For the tests, I first ran a baseline where the SQL Server VM is the only machine executing any tasks/workload at all, but the other VMs are powered on and just sitting there on the hose.  This establishes a base metric in the host and had 1% RDY time average during the workload execution, after which I collected the wait stats for SOS_SCHEDULER_YIELD.

From there, Jonathan starts cranking up the load on the application servers and sees what it does to SQL Server ready time. This is a great reason not to over-subscribe on CPUs on mission-critical hosts.

Curated SQL Returns Wednesday

In honor of almost everybody being out of the office today and tomorrow, Curated SQL returns for its Boxing Day extravaganza, which looks exactly like any other day to me, but my producer promises me it will be extravagant.

What’s New With Kafka 2.1

Stephane Maarek updates us on the goings-on with Apache Kafka:

Kafka 2.1 is quite a special upgrade because you cannot downgrade due to a schema change in the consumer offsets topics. Otherwise the procedure to upgrade Kafka is still the same as before, see: https://kafka.apache.org/documentation/#upgrade

One of the big changes is support for Java 11. It’s a shame that Spark currently doesn’t support versions past 8.

What’s New With Cloudera Enterprise 6.1.0

Krishna Maheshwari announces Cloudera Enterprise 6.1.0:

Platform Support & Security
Cloudera now supports deploying with OpenJDK 8 in addition to Oracle’s JDK. With this release, we also support AWS CloudHSM for HDFS encryption-at-rest.
As customers are increasingly implementing security, we are changing defaults to be secure in order to reduce setup complexity and configuration misses. As a part of this release, several defaults in Kafka, Impala, Sqoop, and Flume have been changed to be more secure and added BDR replication from insecure to secure (Kerberized) clusters to ease the transition to secure clusters.

There are several improvements and new features here worth checking out.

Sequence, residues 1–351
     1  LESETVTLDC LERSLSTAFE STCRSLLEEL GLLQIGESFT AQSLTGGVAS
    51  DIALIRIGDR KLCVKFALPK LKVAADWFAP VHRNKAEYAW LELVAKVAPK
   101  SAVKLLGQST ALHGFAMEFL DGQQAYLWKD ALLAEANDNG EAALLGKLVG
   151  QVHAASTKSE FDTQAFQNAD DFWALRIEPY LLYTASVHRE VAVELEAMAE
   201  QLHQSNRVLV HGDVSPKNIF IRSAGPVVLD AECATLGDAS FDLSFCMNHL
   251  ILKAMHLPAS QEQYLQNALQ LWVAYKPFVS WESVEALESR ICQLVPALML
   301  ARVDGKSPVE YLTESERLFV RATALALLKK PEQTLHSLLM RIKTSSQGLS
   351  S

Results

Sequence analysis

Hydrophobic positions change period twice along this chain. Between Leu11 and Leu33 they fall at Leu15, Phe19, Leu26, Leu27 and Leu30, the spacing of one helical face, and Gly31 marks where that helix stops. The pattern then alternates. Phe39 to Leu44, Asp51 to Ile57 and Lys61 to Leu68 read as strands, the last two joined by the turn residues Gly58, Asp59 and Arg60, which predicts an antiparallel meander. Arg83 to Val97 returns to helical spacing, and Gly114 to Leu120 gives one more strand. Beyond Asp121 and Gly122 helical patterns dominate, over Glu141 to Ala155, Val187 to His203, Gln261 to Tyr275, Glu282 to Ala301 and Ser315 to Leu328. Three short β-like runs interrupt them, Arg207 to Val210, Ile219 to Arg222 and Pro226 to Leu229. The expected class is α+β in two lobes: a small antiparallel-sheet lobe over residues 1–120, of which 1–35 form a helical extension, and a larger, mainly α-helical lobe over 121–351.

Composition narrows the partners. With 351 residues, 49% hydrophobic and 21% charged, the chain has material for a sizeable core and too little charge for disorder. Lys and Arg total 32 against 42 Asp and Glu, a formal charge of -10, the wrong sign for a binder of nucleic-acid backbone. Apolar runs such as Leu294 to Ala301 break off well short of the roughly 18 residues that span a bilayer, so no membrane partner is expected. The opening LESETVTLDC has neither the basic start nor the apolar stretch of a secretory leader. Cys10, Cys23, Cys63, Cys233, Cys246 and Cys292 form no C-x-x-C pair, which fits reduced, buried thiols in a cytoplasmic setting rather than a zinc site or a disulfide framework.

Window Functions And Default Frames

Steve Jones elaborates on the default frame that a window function has:

There is a framing clause that I can use after the ORDER BY in the OVER clause. The default frame is RANGE UNBOUNDED PRECEDING AND CURRENT ROW. At least, this is what appears when you include an ORDER BY clause. Many of us do this, but still get confused with the LAST_VALUE() and FIRST_VALUE functions.
What I really want is a complete set of data, which is either starting from the current row to the end, or  includes all values. If I modify my framing clause, I’ll get what I expect.

Click through for a demonstration.

Building A Secure Microservice Which Uses Kafka Streams

George Vetticaden has a reference architecture with sample code for a secured microservice running atop Kafka Streams:

One of the key benefits of using Kafka Streams over other streaming engines is that the stream processing apps / microservices don’t need a cluster. Rather, each microservice can be run as a standalone app (e.g: jvm container). You can then spin multiple instances of each to scale up the microservice. Kafka will treat this as a single consumer group with multiple instances. Kafka streams takes care of consumer partition reassignments for scalability.
You can see how to start these three microservices here.

If you’re trying to wrap your head around streaming apps, give this a try.  George has all of the code in his GitHub repo.